LinkedEarth: supporting paleoclimate data standards and crowd curation
Julien Emile-Geay1, D. Khider1, N.P. McKay2, Y. Gil1,3, D. Garijo3 and V. Ratnakar3
Data science in the paleo sphere has been hindered by a lack of standards that limit interoperability and interdisciplinarity. Here we describe the LinkedEarth project, which lowered some of these barriers, and offers a blueprint for further erasing them.
At present, scientists are asked to upload their data to various “silos” (loosely connected data centers like WDS-Paleo1, PANGAEA2, or Neotoma3), which use different formats and conventions, hampering interoperability. Further, there is sometimes little guidance on what information needs to be archived to provide long-lasting scientific value. While paleosciences offer a long-term perspective on environmental change, this cannot happen without a long-term perspective on environmental data stewardship. LinkedEarth4 (Fig. 1) was funded by the EarthCube program5 as a two-year “integrated activity”, with the twin aims of putting paleoclimate data stewardship in the hands of data generators, and developing standards that promote effective reuse. Here we review LinkedEarth’s successes and outstanding challenges, and take stock of its broader lessons for the PAGES community.
LinkedEarth has acted as a laboratory to advance the notion of decentralized paleo-data curation, allowing data generators to curate their own and others' data, via standards and technologies. The basic premise of LinkedEarth is that no-one understands data better than the people who generated them. Therefore, data generators should be the ones describing their data, but in a consistent way to make them interoperable. Having participated in several PAGES’ syntheses (e.g. PAGES 2k Consortium 2017), we also appreciate that publicly-archived datasets are nearly always incomplete, and may harbor errors - requiring collective curation and correction (that is, the ability for multiple actors to edit and annotate the same datasets). We thus set out to develop a platform that would enable paleoclimatologists to interact with data in an intuitive way, resulting in standardized datasets that are (by construction) extensible, interoperable, and discoverable.
Crowd-curation through standards
A data standard consists of three parts: (1) a standard terminology, to prevent ambiguity; (2) standard practices, which codify the information that is essential to long-term reuse and (3) a standard format for archival and exchange. The latter is emerging, in the form of Linked Paleo Data (LiPD6; McKay and Emile-Geay, this issue, 2016), so LinkedEarth only had to contend with the first two parts.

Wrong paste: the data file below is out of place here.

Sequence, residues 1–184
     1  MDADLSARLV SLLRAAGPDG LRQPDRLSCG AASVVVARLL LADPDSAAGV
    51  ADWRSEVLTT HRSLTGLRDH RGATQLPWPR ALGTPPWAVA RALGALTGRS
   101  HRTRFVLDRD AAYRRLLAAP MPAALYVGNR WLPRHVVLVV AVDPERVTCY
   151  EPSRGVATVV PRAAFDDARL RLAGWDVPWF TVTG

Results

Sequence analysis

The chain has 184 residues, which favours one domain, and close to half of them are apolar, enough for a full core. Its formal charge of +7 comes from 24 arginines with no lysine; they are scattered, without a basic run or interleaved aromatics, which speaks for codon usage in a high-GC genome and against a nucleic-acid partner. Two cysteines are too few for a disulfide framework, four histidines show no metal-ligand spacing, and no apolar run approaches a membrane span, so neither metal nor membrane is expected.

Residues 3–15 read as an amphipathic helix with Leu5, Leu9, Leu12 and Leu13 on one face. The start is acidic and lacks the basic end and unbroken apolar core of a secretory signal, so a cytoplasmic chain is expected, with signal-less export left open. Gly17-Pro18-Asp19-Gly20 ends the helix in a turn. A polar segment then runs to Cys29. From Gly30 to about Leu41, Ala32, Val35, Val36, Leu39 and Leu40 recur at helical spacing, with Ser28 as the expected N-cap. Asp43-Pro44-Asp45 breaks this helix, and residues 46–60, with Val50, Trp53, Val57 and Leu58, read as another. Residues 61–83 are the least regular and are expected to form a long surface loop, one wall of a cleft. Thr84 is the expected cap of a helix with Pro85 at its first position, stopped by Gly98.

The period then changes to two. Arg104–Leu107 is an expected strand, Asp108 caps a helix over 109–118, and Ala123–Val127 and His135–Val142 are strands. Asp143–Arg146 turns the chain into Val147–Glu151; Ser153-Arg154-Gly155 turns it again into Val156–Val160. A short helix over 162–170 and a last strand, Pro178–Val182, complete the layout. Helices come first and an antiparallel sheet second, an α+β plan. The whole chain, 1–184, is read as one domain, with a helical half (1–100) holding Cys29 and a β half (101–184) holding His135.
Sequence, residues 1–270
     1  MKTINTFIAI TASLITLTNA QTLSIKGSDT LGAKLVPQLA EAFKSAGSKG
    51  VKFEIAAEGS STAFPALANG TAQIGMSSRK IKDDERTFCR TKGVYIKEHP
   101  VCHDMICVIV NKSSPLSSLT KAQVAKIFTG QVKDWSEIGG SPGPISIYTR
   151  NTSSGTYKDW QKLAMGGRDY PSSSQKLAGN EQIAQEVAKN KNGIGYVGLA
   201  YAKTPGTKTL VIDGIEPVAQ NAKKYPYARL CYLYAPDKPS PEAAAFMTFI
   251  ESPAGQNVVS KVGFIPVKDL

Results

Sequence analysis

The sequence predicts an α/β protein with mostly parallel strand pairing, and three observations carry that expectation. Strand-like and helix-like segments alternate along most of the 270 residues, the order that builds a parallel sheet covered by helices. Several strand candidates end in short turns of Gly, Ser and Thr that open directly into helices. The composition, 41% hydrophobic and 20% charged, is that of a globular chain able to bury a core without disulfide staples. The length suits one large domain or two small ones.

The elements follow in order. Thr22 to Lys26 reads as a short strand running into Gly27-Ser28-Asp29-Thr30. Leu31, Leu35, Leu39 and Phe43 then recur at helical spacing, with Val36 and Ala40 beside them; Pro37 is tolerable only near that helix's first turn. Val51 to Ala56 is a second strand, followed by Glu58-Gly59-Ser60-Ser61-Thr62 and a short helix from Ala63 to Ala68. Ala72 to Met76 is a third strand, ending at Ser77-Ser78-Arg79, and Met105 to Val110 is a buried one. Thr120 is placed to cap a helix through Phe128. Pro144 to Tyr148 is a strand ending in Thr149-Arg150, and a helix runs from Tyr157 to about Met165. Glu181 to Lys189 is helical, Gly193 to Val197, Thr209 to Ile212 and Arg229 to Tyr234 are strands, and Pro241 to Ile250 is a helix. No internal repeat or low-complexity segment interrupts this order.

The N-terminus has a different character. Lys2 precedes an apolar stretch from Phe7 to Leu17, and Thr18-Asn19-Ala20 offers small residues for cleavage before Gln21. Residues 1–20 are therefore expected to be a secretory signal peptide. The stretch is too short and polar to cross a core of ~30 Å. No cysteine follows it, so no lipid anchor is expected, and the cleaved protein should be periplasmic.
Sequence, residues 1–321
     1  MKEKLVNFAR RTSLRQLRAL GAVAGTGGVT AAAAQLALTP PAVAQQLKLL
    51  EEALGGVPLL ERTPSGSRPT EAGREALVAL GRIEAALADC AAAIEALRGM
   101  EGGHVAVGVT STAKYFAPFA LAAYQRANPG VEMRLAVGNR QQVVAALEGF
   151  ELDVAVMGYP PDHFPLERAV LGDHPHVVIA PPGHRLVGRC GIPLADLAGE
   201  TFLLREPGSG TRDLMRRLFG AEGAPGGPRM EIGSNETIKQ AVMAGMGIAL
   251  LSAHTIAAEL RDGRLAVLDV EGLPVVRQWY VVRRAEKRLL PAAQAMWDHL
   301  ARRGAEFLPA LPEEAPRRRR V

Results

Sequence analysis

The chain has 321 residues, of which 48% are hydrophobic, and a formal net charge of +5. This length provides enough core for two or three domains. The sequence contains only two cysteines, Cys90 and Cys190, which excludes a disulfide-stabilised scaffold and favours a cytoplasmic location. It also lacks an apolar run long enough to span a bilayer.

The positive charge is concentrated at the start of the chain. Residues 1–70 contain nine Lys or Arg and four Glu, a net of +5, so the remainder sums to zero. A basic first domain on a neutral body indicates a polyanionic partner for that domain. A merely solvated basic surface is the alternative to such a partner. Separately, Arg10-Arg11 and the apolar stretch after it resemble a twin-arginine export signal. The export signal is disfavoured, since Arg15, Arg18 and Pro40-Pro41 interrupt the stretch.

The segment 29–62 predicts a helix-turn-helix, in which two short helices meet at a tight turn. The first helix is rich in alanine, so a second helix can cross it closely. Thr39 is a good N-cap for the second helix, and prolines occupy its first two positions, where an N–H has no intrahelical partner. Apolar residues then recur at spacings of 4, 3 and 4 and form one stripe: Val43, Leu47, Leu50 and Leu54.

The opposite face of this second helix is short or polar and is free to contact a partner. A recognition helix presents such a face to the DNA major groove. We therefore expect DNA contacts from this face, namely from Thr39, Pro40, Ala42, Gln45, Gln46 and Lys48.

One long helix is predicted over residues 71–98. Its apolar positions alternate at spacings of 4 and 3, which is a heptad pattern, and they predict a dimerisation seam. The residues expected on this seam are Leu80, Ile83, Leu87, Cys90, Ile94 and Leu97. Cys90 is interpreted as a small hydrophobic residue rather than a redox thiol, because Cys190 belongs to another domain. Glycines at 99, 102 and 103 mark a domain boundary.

Standardizing terminology was accomplished by means of the LinkedEarth ontology7. An ontology is a formal representation of the knowledge common to a scholarly field. It allows unambiguous definitions of common terms describing a paleoclimate dataset, as well as the relationships among these terms (e.g. a proxy observation is measured on a proxy archive at a particular depth). Ontologies are necessary to organize information so machines can take advantage of digitally-archived data. Ontologies are inherently flexible, allowing to specify ecological properties such as habitat depth and seasonality to previously-archived foraminiferal-based records. Ontologies have had an enormous impact in biomedical research, ranging from genomics to drug discovery, and are beginning to permeate the geosciences8.
Ontologies need to be sufficiently rigid so that dependent applications can rely on their structure being stable over time, yet sufficiently flexible to accommodate growth and evolution. The ontology maps closely to the LiPD structure, which serves as its stable skeleton. Extensibility was achieved via a new technology, the LinkedEarth platform9. At its core, it is a semantic wiki, similar to other wikis like Wikipedia, but based on the LinkedEarth ontology. The LinkedEarth wiki tracks changes and attributes them to authenticated contributors (an ORCID is all that is required to join LinkedEarth). The wiki facilitates extensions by allowing users to edit the non-core aspects of the ontology: they can define new classes or properties, create or change definitions, start discussions with other users, or request modifications to the core ontology when sufficient consensus emerges. These user roles and interactions were defined in a formal charter10. The flexible structure will accommodate advances in techniques and interpretations, and allow users to deprecate outdated terms.